Think child, think parent, think family: a guide to parental mental health and child welfare

Putting it into practice - what the sites did: England

The key areas focused on in the English sites can be grouped into a number of broad categories.

Awareness raising

All sites worked to raise awareness of the ‘Think child, think parent, think family’ agenda and project among the wider staff group and among management. They did so in a variety of ways:

Making strategic links

The English sites in particular worked to link the implementation of the guide to other policies, such as:

The steering groups in the sites also made contact with other similar initiatives in their areas such as Family Improvement Partnerships.

Workforce development

Many sites took specific actions to develop staff knowledge and skills. These were more in-depth than the awareness-raising activities listed above, providing a theoretical basis for whole-family working, and how this may affect their practice.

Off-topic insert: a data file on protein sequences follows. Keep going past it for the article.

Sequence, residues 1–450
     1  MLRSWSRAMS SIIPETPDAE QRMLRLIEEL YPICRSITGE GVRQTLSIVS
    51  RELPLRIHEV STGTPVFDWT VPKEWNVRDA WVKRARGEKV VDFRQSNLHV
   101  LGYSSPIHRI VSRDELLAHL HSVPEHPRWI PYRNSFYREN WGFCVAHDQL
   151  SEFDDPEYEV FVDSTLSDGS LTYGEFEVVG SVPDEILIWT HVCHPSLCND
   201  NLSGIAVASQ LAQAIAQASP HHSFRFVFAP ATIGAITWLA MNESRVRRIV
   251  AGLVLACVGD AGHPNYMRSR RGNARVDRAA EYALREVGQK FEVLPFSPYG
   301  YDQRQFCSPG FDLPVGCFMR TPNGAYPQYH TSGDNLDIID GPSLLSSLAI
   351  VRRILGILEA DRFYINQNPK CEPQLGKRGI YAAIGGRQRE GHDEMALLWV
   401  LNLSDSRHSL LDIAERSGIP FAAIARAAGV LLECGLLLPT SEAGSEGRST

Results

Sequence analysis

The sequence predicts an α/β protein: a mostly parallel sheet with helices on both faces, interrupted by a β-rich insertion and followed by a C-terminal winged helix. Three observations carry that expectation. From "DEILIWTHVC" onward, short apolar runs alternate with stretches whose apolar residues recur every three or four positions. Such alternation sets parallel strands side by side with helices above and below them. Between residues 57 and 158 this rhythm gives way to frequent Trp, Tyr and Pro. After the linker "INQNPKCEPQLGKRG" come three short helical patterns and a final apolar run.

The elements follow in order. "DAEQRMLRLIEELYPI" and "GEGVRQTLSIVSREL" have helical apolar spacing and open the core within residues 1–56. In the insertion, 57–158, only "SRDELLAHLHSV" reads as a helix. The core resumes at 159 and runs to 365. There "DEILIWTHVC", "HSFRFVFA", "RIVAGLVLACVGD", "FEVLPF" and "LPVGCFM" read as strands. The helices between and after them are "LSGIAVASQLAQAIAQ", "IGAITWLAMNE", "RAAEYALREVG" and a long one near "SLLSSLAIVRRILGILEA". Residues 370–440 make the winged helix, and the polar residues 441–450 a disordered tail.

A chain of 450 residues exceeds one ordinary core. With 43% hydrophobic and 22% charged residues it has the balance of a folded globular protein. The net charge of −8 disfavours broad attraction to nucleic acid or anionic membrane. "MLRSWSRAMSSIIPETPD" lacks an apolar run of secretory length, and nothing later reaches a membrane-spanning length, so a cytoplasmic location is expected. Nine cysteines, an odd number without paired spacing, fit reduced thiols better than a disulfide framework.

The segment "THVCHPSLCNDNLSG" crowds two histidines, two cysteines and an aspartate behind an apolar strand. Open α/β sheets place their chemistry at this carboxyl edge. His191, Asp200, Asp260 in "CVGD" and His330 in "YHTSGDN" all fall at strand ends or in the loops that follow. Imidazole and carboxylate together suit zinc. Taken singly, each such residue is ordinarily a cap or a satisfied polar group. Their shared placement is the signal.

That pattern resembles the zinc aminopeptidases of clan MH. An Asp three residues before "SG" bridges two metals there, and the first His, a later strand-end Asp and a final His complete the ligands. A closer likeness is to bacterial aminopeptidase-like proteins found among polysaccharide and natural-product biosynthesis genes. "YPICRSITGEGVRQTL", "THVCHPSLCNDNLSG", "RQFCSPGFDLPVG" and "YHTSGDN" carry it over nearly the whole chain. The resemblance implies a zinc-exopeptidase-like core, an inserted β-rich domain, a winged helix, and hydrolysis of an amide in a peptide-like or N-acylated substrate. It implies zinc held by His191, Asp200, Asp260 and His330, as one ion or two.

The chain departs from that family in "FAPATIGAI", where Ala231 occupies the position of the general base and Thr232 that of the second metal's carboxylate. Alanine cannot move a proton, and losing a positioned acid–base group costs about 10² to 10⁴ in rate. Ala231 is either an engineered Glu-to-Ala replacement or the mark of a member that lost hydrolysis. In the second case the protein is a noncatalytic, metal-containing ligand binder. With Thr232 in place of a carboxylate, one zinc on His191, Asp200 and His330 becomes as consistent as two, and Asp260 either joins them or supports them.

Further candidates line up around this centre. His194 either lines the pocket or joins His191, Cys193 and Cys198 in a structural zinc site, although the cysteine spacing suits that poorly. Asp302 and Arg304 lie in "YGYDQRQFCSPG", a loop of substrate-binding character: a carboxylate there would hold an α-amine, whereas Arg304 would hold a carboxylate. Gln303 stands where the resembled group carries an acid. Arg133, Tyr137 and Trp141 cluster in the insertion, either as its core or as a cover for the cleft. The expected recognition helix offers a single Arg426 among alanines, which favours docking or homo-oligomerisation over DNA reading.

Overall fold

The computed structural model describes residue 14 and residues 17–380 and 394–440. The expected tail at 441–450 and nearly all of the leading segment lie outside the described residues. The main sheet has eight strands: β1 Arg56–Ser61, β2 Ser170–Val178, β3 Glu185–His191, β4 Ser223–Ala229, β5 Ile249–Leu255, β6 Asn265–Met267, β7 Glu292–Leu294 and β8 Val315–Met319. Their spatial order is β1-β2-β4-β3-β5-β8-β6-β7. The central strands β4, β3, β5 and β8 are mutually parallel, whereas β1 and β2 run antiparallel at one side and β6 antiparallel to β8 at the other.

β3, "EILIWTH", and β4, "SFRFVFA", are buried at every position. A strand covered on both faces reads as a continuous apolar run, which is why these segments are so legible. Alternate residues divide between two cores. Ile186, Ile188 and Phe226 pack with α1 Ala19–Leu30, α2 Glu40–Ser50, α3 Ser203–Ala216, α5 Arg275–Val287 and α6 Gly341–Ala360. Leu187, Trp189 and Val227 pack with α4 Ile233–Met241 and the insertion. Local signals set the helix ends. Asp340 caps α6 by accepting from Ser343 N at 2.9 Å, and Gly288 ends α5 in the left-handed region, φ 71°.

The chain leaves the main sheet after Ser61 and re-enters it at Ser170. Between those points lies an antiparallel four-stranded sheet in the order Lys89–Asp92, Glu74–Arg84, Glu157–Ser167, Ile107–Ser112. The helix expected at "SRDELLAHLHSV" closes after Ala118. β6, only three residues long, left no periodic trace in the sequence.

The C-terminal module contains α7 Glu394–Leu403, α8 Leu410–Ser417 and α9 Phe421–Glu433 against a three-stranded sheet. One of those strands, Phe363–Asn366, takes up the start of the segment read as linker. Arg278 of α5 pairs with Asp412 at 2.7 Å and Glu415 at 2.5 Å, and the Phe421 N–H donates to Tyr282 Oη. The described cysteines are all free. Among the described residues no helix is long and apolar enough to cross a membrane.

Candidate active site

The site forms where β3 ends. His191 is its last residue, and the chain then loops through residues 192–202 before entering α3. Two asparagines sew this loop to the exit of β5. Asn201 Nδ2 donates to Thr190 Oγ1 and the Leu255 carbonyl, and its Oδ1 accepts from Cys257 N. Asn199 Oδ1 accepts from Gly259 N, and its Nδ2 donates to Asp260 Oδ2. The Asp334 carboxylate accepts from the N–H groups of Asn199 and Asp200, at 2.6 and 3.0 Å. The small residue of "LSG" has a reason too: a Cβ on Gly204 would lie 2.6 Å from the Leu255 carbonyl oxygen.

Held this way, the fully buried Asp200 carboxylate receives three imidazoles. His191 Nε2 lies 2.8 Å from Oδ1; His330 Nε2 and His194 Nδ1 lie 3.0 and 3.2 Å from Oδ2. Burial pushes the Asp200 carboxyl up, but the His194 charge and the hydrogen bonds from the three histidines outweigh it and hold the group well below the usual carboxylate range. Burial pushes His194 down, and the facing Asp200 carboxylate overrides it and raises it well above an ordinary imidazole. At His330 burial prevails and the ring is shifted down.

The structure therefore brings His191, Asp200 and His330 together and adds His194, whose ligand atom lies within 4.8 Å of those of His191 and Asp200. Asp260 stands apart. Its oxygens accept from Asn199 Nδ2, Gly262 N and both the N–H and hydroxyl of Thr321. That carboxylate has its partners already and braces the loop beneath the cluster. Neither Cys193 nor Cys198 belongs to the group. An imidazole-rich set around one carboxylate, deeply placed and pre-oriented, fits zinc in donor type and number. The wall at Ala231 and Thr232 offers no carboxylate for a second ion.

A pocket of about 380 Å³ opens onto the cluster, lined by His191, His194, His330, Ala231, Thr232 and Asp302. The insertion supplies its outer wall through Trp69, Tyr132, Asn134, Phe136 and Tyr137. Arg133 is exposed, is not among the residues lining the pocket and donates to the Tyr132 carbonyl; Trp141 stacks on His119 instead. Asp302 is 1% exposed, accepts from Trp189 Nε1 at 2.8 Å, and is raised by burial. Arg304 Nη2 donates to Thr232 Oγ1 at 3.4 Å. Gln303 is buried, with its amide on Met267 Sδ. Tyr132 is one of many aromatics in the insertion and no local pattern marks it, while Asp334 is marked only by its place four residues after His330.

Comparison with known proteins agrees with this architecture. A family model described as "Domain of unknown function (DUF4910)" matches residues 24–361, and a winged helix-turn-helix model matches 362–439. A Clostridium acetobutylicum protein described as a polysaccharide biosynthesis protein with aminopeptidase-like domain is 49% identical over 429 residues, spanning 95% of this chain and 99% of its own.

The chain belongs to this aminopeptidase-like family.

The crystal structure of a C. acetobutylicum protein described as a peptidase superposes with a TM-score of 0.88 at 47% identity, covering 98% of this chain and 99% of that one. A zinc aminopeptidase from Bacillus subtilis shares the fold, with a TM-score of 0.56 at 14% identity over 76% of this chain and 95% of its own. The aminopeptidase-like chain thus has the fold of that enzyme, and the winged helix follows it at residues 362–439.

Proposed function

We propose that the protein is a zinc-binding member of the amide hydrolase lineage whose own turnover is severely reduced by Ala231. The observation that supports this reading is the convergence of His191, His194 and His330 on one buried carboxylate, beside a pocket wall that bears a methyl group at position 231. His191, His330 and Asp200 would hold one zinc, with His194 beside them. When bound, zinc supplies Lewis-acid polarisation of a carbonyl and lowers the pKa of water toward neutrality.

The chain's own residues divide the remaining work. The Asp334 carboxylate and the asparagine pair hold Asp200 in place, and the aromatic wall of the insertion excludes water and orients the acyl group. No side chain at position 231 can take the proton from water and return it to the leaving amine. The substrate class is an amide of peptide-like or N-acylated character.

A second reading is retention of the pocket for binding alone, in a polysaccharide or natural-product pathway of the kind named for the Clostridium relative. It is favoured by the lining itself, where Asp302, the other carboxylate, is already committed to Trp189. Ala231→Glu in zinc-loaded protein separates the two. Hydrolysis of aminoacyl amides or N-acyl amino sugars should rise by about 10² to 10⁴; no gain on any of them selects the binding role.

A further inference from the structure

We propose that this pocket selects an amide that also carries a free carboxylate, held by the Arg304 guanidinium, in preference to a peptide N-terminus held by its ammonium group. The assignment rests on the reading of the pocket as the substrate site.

Some sites amended existing training opportunities, such as staff inductions or safeguarding training, to ensure that they included Think Family principles.

The sites also commissioned additional training activities. One site ran a theatre-based training session for around 100 staff from various agencies about the principles of ‘Think child, think parent, think family’. See Practice example 15. Scenarios illustrating some of the challenges involved in working with families affected by parental mental ill health were dramatised by a professional theatre group, forming the basis of the training and discussion. In another site, Community Mental Health Team (CMHT) staff were given training using the Family Partnership Model. See Practice example 16. A third site commissioned a local voluntary organisation to provide introductory Think Family training. See Practice example 15.

Working with families

Direct family work was relatively infrequent, but was developed in some sites. A therapeutic family play group ran in one site. See Practice example 11. In others, family therapists worked in children’s centres. See Practice example 10.

Reviewing current tools and ways of working

A number of sites reviewed their existing ways of working to assess the extent to which they complied with the guide and to see what changes needed to be made. This included: